Illustration by Kameron Glenn
People and players have been asking the NCAA to allow players to make money off their name for years, now. With different options for college recruits to go to instead of college, the NCAA finally decided to allow players to monetize their name, image and likeness. The NIL rule went into effect on Thursday, July 1, but what does this mean for team chemistry, player ego and college sports in general?
Being a part of a team, having a connection with your teammates is extremely important. The team with the best chemistry will most likely win the game because they understand each person’s strengths and how to get each person in the best position to be effective in the game in a positive way. However, the NIL could possibly affect and possibly damage a team’s chemistry for a program. Now that players can get paid, players that have been on the team longer, or don’t have as big of a name as some incoming freshmen players. Upperclassmen, or other freshmen can see these paid players more as targets than as a teammate. It is a great thing to push teammates, but the new rule could cause some to resent their teammates.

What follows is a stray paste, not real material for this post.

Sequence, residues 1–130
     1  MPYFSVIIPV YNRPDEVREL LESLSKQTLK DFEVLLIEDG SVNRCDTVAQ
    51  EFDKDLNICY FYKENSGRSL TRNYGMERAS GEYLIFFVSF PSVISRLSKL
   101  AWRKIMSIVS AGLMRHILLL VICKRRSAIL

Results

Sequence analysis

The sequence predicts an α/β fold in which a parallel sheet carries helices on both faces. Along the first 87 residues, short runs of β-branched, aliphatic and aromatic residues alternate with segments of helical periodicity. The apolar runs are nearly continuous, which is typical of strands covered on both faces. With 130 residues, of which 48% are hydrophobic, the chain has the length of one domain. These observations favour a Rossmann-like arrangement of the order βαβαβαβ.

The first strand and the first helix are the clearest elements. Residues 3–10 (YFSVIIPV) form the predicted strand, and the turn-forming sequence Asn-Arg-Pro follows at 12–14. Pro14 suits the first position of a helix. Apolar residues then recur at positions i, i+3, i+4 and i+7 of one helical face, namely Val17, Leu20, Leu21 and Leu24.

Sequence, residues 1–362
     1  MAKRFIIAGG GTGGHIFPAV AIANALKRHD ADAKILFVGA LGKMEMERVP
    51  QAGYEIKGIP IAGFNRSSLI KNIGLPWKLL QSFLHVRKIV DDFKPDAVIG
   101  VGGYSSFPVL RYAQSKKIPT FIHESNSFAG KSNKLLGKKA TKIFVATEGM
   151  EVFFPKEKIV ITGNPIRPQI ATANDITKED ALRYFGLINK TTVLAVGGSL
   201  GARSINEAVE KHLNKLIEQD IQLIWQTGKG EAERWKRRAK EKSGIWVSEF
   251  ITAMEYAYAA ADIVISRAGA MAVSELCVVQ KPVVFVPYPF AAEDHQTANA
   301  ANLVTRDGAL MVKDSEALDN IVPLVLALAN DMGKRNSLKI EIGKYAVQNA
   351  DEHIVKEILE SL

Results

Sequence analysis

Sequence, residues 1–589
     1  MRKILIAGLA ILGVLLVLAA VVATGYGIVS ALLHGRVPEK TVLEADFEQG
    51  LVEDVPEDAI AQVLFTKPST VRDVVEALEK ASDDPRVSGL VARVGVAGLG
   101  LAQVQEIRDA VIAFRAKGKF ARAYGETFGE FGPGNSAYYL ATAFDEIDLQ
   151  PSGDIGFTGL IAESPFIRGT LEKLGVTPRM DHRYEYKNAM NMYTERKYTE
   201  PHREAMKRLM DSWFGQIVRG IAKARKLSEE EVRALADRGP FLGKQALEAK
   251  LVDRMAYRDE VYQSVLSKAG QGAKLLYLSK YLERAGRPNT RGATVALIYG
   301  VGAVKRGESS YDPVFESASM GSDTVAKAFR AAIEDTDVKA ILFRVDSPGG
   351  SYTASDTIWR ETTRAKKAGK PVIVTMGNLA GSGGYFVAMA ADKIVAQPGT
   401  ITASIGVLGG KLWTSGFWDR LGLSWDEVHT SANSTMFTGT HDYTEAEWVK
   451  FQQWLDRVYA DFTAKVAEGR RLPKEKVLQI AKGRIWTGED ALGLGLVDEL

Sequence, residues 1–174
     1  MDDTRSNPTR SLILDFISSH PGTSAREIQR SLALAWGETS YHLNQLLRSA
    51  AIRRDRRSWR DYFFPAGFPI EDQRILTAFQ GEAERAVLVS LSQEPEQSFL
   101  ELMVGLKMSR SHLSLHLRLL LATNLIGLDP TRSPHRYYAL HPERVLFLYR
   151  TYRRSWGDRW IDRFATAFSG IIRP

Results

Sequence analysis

To create a winning team and environment, putting egos aside and working together like a well-oiled machine can bring the best out in every person on the team. Of course this applies to sports. Everyone has their own job and everyone can improve and learn. With the new NCAA rule, some players that are getting paid will have inflated egos because they are getting paid. Instead of them being for the team and trying to win games, they will be more about their image and their own personal gain.
College sports as a whole seems to be moving in a better direction. However, with the NIL rule, it could cause more internal problems to programs and schools than a problem with the NCAA as an organization. Feuds between players, teammates and coaches seem to be almost inevitable, but paying players for their name, image and likeness is a good foot forward.